Owl Warrior Bottle
Not on view
The depiction of animals as warriors with human attributes is common in both painted and modeled ceramics created by artists of Peru’s Moche culture, and the beasts represented include numerous bird species, iguanas, crabs, foxes, deer, and crayfish (Donnan and McClelland, 1999). On this vessel (see Sawyer, 1966: 46, for a rollout drawing), the artist painted two anthropomorphic owls on either side of the globular body of the vessel, each dressed in typical Moche warrior attire, including a jaguar headdress with a feather ornament projecting in the back, ear spools, a sleeved tunic covered with square forms likely meant to represent metal plaques, and wrist ornaments. Body paint is present on the creatures’ feet, knees, hands, and arms. The figures grasp a single teardrop-shaped object, and others like it are shown between and above the figures. This form, depicted often in Moche ceramics, has been called an “ulluchu” fruit, and scholars have suggested that it has hallucinogenic or anti-clotting properties (McClelland, 2008). Modern-day identification of the ulluchu has not been successful, however, despite the fact that desiccated examples have been found in Moche burials. The vessel’s spout is decorated with a catfish motif enclosed within two wave borders.
The stirrup-spout vessel—the shape of the spout recalls the stirrup on a horse's saddle—was a much favored form on Peru's northern coast for about 2,500 years. Although the importance and symbolism of this distinctive shape is still puzzling to scholars, it has been suggested that the double-branch/single-spout configuration may have prevented evaporation of liquids, and/or that it was convenient for carrying. Early in the first millennium AD, the Moche elaborated stirrup-spout bottles into sculptural shapes depicting a wide range of subjects, including human figures, animals, and plants, worked with a great deal of naturalism. About 500 years later, bottle chambers became predominantly globular, as in the present example, providing large surfaces for painting complex, multi-figure scenes. The style of painting on this vessel is known as “fineline,” so named for the detailed compositions delicately painted in red slip (a suspension of clay and/or other colorants in water) on a white background.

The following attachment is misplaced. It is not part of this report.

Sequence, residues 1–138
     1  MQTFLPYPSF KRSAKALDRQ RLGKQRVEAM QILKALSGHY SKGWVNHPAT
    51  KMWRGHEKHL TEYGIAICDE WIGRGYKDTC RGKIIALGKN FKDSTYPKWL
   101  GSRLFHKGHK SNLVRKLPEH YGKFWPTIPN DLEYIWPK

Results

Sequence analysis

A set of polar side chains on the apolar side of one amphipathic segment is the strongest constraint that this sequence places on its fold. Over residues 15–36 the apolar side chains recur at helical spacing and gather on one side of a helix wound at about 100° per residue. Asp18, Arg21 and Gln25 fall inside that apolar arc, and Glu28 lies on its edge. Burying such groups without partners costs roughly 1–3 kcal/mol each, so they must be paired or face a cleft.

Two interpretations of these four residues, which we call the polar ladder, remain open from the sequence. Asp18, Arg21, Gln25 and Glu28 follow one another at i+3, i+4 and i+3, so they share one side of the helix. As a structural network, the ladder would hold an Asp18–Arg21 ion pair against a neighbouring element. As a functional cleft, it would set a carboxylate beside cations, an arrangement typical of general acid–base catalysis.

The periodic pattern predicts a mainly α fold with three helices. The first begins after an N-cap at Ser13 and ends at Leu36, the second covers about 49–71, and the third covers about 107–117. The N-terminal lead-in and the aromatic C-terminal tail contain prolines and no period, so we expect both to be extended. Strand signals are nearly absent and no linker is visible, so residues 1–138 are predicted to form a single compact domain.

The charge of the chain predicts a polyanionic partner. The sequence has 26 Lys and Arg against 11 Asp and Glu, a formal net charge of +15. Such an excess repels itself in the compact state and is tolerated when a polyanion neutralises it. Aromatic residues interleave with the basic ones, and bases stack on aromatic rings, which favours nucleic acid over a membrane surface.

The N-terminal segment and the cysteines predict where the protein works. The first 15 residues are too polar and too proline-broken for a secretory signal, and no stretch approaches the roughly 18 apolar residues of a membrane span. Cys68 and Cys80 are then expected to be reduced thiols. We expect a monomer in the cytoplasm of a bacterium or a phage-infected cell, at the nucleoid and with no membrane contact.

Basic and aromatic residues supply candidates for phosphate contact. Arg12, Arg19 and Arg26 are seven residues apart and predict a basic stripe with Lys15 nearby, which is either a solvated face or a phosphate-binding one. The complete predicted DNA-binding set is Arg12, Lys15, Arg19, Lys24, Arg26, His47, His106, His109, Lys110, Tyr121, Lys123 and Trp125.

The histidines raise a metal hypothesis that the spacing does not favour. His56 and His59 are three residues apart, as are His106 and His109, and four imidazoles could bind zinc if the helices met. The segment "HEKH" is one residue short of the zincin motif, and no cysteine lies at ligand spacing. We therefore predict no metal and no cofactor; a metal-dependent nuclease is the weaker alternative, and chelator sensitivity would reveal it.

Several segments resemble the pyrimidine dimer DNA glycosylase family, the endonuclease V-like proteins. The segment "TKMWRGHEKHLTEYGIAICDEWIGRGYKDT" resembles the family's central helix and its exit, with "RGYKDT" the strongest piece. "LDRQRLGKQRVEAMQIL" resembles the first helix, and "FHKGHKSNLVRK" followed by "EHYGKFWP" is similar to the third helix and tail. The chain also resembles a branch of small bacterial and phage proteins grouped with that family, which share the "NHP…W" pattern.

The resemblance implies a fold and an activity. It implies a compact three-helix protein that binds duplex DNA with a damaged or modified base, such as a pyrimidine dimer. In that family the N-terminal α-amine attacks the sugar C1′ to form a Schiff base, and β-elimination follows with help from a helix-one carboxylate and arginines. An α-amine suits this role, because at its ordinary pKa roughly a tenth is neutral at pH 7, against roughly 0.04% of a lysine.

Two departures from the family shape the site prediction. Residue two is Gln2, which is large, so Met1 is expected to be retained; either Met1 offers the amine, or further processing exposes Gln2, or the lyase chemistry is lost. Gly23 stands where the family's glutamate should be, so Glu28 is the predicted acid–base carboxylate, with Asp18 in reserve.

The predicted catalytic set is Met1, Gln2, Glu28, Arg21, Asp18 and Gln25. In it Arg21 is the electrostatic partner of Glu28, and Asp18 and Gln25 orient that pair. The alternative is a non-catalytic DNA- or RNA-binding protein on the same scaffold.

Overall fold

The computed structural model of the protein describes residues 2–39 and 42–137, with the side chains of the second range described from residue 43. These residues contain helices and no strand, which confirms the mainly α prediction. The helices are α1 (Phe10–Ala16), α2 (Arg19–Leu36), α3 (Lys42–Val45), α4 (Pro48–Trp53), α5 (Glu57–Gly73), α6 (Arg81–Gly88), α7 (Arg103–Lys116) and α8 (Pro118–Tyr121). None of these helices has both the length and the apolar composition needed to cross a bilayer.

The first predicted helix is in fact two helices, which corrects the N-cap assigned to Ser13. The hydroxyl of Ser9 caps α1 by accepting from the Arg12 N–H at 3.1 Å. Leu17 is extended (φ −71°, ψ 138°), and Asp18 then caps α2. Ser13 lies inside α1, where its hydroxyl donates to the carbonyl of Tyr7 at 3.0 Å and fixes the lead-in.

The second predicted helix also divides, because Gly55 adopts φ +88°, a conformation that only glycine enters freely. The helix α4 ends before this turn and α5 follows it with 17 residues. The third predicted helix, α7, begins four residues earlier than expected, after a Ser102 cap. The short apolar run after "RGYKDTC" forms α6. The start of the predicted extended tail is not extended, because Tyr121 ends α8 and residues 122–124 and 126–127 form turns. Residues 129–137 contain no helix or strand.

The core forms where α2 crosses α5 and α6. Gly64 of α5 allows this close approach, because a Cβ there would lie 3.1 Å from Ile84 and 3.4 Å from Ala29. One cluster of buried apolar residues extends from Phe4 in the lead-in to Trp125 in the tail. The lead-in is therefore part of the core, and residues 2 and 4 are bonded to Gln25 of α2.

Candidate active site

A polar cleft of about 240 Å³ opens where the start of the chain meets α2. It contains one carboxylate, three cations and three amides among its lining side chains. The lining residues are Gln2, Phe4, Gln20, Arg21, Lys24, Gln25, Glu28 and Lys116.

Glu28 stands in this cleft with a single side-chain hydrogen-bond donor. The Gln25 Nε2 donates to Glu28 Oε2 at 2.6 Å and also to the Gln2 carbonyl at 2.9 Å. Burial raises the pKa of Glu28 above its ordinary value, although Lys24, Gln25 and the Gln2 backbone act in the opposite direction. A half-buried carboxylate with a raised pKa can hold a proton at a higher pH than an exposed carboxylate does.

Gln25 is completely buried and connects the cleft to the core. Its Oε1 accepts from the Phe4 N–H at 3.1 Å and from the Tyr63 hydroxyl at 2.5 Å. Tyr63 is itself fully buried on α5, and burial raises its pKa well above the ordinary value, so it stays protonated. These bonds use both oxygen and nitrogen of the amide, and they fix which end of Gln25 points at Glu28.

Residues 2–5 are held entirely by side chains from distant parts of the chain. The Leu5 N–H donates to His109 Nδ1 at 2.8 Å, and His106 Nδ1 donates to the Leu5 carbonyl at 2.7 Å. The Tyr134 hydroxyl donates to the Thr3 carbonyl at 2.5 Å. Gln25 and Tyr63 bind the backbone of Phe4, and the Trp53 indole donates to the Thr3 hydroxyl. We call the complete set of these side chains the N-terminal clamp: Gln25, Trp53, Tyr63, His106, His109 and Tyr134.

The Moche (also known as the Mochicas) flourished on Peru’s North Coast from 200 – 850 AD, centuries before the rise of the Incas. Over the course of some six centuries, the Moche built thriving regional centers from the Nepeña River Valley in the south to perhaps as far north as the Piura River, near the modern border with Ecuador, developing coastal deserts into rich farmlands and drawing upon the abundant maritime resources of the Pacific Ocean’s Humboldt Current. Although scholars do not agree on the precise nature of Moche political organization, these centers clearly shared unifying cultural traits such as religious practices (Donnan, 2010).
References Donnan, Christopher B. “Moche State Religion.” In New Perspectives on Moche Political Organization, edited by Jeffrey Quilter and Luis Jaime Castillo. Washington D.C.: Dumbarton Oaks Research Library and Collection, 2010.
Donnan, Christopher B. and Donna McClelland. Moche Fineline Painting, Its Evolution and Its Artists. Los Angeles: Fowler Museum of Cultural History, University of California, 1999. See especially p. 78, fig. 4.1.
McClelland, Donna. “Ulluchu: An Elusive Fruit,” in The Art and Archeology of the Moche, edited by Steve Bourget and Kimberly l. Jones, pp. 43-65. Austin: University of Texas Press, 2008.
Sawyer, Alan Reed. Ancient Peruvian Ceramics: The Nathan Cummings Collection. New York: The Metropolitan Museum of Art, 1966. See especially no. 64, p. 46.
Wassermann-San Blás, Bruno John. Céramicas del antiguo Perú de la colección Wassermann-San Blás. Buenos Aires: Bruno John Wassermann-San Blás, 1938. See especially no. 4, p. 5.
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